Can you smell sweat?

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Genetic Elucidation of Human Hyperosmia to Isovaleric Acid (Open Access):

Humans can accurately discern thousands of odors, yet there is considerable inter-individual variation in the ability to detect different odors, with individuals exhibiting low sensitivity (hyposmia), high sensitivity (hyperosmia), or even “blindness” (anosmia) to particular odors. Such differences are thought to stem from genetic differences in olfactory receptor (OR) genes…which have both functional and inactive alleles in the population…Here, we provide evidence that a particular segregating OR gene is related to sensitivity to a sweaty odorant, isovaleric acid. We show that hypersensitivity towards this odorant is seen predominantly in individuals who carry at least one copy of the intact allele. Furthermore, we demonstrate that this hyperosmia is a complex trait, being driven by additional factors affecting general olfactory acuity. Our results highlight a functional role of segregating pseudogenes in human olfactory variability, and constitute a step towards deciphering the genetic basis of human olfactory variability.

PLoS also has a nice write up for the lay audience, with a more frank title.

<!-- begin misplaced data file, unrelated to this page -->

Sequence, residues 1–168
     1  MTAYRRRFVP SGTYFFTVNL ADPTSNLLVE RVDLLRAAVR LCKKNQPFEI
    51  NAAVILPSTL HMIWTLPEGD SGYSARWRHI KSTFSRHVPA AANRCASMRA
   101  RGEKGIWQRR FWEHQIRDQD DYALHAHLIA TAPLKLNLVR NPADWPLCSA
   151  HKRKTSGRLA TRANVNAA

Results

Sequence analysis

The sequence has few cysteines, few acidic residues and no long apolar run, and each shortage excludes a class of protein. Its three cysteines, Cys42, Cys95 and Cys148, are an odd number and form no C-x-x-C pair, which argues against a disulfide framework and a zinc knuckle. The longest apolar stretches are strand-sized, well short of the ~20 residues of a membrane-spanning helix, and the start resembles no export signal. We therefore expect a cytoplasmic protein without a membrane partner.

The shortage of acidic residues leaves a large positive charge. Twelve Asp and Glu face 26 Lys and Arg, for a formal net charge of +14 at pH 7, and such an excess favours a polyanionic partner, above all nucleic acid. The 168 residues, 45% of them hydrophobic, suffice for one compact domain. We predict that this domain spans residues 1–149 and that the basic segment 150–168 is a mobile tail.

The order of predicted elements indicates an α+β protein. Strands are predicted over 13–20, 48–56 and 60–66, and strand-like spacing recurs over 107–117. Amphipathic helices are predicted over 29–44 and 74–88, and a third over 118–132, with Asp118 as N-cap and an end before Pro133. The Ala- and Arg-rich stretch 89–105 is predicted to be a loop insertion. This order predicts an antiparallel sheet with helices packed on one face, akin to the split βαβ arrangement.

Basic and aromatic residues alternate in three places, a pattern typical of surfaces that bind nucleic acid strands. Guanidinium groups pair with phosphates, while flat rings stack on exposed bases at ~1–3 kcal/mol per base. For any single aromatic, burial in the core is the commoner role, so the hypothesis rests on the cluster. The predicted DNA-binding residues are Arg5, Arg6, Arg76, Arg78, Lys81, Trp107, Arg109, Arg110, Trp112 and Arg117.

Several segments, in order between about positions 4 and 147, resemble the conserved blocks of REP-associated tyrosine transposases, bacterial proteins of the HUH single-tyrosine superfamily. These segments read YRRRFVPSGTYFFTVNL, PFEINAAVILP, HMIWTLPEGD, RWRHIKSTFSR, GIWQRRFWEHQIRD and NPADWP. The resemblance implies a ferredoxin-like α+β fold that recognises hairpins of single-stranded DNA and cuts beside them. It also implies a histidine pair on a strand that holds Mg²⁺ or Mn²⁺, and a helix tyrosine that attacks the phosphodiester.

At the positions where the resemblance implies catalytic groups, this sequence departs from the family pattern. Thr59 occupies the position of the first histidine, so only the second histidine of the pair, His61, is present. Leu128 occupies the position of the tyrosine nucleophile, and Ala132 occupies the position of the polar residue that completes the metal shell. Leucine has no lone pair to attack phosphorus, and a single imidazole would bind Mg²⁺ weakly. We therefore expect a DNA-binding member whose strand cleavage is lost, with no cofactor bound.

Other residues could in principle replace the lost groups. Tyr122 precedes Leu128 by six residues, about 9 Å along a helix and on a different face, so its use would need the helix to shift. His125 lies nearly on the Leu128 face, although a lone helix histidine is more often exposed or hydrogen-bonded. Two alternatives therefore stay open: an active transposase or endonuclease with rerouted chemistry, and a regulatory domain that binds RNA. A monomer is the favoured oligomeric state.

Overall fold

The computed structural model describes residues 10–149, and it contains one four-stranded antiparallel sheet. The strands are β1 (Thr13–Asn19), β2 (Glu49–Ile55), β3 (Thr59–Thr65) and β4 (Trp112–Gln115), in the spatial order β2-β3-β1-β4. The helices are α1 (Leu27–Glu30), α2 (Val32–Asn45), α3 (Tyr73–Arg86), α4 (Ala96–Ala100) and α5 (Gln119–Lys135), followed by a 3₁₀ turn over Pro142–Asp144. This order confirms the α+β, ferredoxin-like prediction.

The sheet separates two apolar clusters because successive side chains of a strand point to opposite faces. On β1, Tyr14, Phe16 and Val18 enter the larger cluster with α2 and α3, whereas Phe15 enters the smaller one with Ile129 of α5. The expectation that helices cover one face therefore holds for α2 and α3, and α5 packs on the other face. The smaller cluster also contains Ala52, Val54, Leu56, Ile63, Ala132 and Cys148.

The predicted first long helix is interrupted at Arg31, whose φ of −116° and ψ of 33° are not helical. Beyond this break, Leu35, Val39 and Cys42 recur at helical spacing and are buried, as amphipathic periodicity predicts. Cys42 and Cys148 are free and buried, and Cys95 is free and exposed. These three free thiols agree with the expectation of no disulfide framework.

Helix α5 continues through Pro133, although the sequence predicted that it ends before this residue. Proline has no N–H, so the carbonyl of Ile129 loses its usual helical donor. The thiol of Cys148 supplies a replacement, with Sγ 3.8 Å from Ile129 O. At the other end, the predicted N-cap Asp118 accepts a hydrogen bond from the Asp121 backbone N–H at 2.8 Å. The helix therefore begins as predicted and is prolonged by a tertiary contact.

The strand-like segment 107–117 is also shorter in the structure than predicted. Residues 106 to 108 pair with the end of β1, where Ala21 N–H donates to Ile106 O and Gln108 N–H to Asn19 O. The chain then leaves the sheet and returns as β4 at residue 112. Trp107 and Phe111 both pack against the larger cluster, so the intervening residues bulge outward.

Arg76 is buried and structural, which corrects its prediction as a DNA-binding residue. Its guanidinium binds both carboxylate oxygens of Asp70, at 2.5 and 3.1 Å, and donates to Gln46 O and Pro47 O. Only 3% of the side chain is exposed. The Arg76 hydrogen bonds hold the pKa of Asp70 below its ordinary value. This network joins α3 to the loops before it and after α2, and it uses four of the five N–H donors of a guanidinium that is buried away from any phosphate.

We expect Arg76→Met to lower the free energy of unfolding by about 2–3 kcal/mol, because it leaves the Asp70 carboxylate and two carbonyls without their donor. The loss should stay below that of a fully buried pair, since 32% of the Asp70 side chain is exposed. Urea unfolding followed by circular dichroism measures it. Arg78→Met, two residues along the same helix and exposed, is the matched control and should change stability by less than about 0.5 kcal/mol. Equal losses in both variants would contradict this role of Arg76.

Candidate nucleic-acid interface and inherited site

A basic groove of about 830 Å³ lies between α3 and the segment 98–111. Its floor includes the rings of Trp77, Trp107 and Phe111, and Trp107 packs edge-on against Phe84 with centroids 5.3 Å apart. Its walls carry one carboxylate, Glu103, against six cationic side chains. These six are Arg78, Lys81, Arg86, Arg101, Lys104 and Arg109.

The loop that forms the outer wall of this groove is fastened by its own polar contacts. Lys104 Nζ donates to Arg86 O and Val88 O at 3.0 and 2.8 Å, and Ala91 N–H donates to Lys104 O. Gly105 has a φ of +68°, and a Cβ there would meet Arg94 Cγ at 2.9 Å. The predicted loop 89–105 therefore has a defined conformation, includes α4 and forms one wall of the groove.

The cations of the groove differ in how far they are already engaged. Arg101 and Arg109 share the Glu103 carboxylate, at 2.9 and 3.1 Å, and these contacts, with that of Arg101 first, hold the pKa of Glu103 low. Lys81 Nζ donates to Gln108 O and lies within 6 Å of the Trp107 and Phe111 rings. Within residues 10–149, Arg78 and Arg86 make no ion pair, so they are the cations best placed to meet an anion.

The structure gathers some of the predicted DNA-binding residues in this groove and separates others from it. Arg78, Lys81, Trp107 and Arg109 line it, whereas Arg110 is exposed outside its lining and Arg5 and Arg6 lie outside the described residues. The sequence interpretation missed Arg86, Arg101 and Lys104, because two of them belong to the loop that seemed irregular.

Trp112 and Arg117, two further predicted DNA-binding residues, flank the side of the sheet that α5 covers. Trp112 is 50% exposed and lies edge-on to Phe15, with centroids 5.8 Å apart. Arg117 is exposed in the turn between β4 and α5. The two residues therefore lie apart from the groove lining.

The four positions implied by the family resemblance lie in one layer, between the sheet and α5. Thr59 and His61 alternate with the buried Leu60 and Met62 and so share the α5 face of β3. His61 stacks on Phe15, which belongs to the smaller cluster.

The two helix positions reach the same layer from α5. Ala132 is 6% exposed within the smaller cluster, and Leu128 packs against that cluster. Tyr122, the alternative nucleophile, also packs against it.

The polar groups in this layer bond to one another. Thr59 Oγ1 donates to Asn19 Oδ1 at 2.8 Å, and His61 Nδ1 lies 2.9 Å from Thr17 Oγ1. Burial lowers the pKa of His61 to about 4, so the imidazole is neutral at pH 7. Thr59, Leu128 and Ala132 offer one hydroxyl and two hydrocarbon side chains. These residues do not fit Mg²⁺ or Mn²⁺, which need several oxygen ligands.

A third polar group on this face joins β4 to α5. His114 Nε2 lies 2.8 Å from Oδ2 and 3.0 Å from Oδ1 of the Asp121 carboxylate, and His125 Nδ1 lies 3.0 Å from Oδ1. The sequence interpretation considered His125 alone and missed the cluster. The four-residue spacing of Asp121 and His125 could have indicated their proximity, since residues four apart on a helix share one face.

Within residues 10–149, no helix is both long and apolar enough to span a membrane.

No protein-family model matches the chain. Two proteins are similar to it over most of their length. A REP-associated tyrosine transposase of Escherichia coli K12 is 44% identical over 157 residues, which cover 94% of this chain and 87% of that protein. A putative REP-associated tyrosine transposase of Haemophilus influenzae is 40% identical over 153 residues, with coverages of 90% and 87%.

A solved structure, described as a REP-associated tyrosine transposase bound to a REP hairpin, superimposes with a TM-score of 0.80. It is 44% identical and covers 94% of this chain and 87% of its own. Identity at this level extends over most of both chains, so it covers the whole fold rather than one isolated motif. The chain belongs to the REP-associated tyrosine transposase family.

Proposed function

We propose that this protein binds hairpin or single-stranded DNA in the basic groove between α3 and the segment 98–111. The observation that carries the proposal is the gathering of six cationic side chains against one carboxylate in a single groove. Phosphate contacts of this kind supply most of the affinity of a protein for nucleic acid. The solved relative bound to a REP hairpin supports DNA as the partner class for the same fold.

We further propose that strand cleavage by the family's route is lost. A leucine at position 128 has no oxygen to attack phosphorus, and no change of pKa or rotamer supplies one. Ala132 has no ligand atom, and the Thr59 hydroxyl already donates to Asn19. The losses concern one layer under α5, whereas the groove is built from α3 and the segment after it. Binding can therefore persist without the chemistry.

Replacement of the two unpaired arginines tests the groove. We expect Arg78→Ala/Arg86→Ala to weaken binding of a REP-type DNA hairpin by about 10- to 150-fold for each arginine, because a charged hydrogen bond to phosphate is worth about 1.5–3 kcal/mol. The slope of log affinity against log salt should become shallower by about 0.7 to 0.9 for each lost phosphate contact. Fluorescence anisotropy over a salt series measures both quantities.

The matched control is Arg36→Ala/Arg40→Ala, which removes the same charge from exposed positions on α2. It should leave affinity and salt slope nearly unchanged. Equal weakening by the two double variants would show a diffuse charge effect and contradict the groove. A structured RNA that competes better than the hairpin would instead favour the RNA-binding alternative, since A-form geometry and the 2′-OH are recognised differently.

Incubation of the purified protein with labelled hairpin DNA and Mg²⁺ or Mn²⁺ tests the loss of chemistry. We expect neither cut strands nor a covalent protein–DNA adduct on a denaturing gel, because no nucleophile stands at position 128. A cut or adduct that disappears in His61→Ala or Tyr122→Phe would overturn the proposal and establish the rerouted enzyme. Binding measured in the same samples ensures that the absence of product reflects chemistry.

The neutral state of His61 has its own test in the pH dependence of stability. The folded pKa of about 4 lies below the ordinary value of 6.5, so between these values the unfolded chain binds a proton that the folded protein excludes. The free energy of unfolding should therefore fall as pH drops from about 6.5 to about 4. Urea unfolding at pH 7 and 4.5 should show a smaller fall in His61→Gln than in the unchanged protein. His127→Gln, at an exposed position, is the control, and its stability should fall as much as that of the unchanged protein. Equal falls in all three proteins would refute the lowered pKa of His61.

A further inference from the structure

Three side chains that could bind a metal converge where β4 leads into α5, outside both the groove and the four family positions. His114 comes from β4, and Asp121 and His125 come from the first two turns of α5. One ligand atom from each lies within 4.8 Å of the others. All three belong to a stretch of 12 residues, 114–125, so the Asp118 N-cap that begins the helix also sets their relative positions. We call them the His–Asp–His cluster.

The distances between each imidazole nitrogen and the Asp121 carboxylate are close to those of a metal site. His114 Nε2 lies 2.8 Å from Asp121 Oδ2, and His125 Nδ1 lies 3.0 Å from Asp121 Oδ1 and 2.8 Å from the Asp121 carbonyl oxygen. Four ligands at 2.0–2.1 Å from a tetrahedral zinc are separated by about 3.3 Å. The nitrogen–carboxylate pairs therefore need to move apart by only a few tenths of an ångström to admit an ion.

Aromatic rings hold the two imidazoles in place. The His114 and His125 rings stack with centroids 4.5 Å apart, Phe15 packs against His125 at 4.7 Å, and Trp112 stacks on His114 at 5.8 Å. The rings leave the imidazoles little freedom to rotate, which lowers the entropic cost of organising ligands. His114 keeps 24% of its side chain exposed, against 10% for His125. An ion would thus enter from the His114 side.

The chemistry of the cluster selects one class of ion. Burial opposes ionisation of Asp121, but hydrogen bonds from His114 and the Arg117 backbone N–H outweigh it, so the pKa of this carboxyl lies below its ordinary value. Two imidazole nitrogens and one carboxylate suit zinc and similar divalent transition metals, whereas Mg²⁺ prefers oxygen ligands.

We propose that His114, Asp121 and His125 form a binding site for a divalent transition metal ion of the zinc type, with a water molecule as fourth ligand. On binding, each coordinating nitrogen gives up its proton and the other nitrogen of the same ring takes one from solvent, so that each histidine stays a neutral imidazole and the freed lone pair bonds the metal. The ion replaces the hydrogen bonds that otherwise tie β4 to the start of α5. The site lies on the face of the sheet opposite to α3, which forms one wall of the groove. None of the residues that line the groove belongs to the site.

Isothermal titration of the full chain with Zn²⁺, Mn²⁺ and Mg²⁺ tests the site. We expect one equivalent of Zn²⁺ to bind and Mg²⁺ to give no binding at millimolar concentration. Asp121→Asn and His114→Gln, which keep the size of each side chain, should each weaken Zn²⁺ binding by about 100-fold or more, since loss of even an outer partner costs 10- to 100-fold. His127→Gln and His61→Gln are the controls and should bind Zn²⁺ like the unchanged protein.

Related: A universal olfactory aesthetic?, A world of sensory difference, PTC taste, balancing selection?, PTC, part II, Taste & behavior genetics, Genetics of taste and Slow & diverse food.



  1. from Plos “Women in the study showed somewhat better sensitivity than the men, but age, smoking habits, and ethnic origin did not affect the results.” Aren’t surprising results fascinating? Smoking and age have no effect; I’d have lost a bet on that. One caveat: would smoking and age have been self-reported, or would they expect factual information?

  2. Neat! 
    ethnic origin did not affect the results 
    The participants ran the gamut of ethnicities from Ashkenazi to Sephardi to mixed. Not surprising. From the big recent selection papers, we know that genes involved in olfaction consistently show signals of recent selection, usually different across groups.

  3. Hmm, Haplotter says OR11H7P doesn’t show signs of recent selection. The Fst suggests a diff between Africans and Asians, but don’t know if it’s significant.

  4. I wonder if more investigation might discover ethnic differences. There are big ethnic differences in apocrine sweat gland density and activity. Perhaps there are complementary ethnic differences in olfactory perception.

  5. Is it true that many East Asians, Koreans in particular, have no apocrine glands? What does that mean for pheromone production?

  6. In my youth I briefly had a Japanese gf who, uh, really enjoyed nuzzling into my armpit. It was curious back then, but even more so now.

  7. Interesting, Dumb-Dumb. My Thai wife often has her nose close to my armpits. 
    About sensitivity to odors: not only do I have a very weak sense of smell, but a lot of the few things that I can detect smell like alcohol to me.

  8. smelliness & smell-ability (or lack of) seems the sort of “coupled” traits which might be the target of sexual selection.